In praise of travelling:
Ski parenting or why family travelling is the best education children can ever have
As I am writing this, another year lived in the pandemic is about to finish and a new year is about to begin. I can only guess that I am not alone in having more travelling at the top of my wish list for 2022. 2021 has been a whole year dominated by the tribulations of the pandemic and the never ending travel restrictions. Yet, travelling when done in a thoughtful and considerate way, is a unique and deeply transformative way to experience the world, to develop a true understanding of difference and diversity and ultimately, to experience empathy for our fellow human beings.
Some of the best memories from my childhood were during travelling. During the long summer school breaks, my mother and I developed what was to become a tradition of travelling to one European destination every summer. My fondest memories from those travels were the trips which involved destinations really far away, and as all our trips were by coach those days (something worth revisiting nowadays to reduce the environmental damage of air travel), travelling through Russia or to Scandinavia took days of long hours on the coach looking out to the slowly changing landscapes we passed through. Boredom was of course one of the predominant feelings on those days which involved a ten or even twelve hour coach trip from one city or country to the next. Boredom which nowadays kids would fill with endless hours in front of a screen. Yet, it was during these long hours of looking out of the window, when I developed my ability for introspection and also, when I started recording my thoughts in a diary. That diary became my only companion during those two particularly long trips which both took place when I was already a teenager. I was also a keen reader, but reading on the coach made me nauseous.
Later on, when I was sixteen, we embarked on another long coach trip through Germany and France to London and Scotland as far north as the Loch Ness Lake, which was organised by the school of my best friend at the time. We stayed in youth hostels throughout Europe and I still remember the sense of wonder every time we found ourselves in a different cultural context with all its particularities, which to our teenage eyes seemed really intriguing and sometimes, utterly shocking. This was a different experience with a flavour of coming of age, as catering for ourselves for two weeks with minimum adult supervision (I cannot remember a single adult figure I interacted with during that trip) was no small task, and yet formative in a deep way. And this is precisely the point, travelling, and I mean not the kind of travelling some prefer which involves staying in all-inclusive hotels lounging under an umbrella and eating processed and culturally familiar food, but the kind of travelling where one is exposed to different cultures and landscapes, to the true richness and diversity of the world, is deeply formative.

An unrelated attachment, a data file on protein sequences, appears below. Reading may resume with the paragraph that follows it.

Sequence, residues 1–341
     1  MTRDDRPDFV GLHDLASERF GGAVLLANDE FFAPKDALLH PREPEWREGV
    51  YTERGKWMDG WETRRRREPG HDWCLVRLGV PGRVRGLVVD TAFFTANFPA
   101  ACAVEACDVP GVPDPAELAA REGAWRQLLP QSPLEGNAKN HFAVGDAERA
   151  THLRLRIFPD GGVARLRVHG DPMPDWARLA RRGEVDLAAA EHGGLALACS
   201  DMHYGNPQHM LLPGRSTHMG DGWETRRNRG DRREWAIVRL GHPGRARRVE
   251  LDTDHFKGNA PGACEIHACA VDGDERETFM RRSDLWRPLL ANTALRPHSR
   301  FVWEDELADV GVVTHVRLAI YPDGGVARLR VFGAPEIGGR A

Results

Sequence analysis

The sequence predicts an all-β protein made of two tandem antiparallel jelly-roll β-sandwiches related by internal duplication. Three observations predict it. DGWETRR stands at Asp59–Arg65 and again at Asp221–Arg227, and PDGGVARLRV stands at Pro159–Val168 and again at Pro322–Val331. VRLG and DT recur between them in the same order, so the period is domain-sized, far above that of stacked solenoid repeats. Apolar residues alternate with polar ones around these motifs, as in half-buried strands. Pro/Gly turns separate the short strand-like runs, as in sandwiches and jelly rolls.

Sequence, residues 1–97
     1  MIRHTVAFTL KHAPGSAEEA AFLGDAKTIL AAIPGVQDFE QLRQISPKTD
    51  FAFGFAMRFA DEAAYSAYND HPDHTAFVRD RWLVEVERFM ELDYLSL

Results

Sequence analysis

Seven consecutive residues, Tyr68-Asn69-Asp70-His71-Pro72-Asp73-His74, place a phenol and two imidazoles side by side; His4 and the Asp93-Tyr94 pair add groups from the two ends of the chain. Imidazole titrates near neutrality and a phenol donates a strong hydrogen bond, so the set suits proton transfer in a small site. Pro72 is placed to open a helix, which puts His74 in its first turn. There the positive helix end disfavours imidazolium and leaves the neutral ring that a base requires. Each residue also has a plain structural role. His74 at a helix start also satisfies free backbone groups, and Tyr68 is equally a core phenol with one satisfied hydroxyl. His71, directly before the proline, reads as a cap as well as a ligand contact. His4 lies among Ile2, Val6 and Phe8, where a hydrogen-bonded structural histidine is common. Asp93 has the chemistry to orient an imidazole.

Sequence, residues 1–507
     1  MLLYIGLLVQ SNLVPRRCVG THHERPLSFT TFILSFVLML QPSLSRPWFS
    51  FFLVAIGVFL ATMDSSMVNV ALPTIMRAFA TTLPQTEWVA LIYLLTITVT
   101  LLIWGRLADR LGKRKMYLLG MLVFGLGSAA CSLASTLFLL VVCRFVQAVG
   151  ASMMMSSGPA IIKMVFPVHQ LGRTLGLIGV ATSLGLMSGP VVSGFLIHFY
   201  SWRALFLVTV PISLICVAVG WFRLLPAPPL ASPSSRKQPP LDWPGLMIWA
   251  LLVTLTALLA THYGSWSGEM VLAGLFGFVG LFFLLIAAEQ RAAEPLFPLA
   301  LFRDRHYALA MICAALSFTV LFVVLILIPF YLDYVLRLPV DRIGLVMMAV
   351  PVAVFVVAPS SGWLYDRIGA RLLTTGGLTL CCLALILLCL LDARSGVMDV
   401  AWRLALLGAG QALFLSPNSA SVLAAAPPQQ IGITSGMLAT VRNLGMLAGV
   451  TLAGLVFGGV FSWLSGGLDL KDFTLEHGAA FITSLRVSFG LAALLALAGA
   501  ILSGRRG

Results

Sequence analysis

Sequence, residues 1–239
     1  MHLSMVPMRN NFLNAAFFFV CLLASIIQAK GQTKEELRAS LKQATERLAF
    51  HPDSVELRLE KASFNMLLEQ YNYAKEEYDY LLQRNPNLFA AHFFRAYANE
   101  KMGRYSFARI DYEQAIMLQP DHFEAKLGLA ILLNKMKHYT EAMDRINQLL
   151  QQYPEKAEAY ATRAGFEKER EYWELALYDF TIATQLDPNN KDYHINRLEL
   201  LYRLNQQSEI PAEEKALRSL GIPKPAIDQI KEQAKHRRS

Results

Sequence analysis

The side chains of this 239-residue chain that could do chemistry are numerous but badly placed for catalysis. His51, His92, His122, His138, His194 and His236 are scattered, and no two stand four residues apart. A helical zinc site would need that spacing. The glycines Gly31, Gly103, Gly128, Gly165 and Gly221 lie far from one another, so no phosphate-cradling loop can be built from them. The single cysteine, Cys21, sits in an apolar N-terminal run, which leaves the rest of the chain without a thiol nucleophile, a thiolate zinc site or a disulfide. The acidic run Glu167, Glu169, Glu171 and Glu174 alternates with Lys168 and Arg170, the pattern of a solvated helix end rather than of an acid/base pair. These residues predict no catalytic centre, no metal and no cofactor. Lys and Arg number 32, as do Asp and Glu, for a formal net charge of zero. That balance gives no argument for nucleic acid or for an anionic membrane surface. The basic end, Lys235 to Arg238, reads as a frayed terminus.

Of course, I can already see an objection to my argument which is related to class and finances. Travelling, even in its most basic forms such as staying in youth hostels or camping, is relatively expensive and not accessible to everybody in that sense. Of course, there is a degree of truth in this, as let’s face it, an investment in cultural capital is more likely to be experienced in a middle class context. Yet, it needs to be remembered that how to invest one’s income always involves a large degree of priority and choice. The term ‘ski parenting’, acronym for ‘spending kids’ inheritance’ is of course humorous and tenderly demeaning. It implies that we should all be saving and investing for the younger generation’s future. The question I would ask here is what is the best way to invest in our children and more broadly, in the new generations? In the capitalist system, we are all driven to invest through the acquisition of property, but the point here is that perhaps there are better ways.
When I was growing up in Greece of the seventies and eighties, it was less common for people to own property, though of course it was a standard middle class aspiration. I remember this being one of the main disagreements between my parents, my mother complaining that unlike many of the people in our social circle, we effectively lived in rented accommodation throughout my childhood and had no material investments. And yet, even though my mother was the one pushing for the property agenda, she was also the one, who at least unconsciously, decided to invest a significant part of her salary in giving us the experience of travelling. In my mind, this has undoubtedly made me who I am today in more than one ways through my obvious first love of social anthropology to developing the skill of writing, but mainly through understanding from a young age how creative it is to accept and learn from difference and diversity.
So, if I have a wish to make for this New Year which is about to emerge at midnight, let it be that we all add travelling to our agenda and bucket list for 2022!
You can subscribe to my newsletter in the footer below and you’ll receive my blogs in your inbox monthly.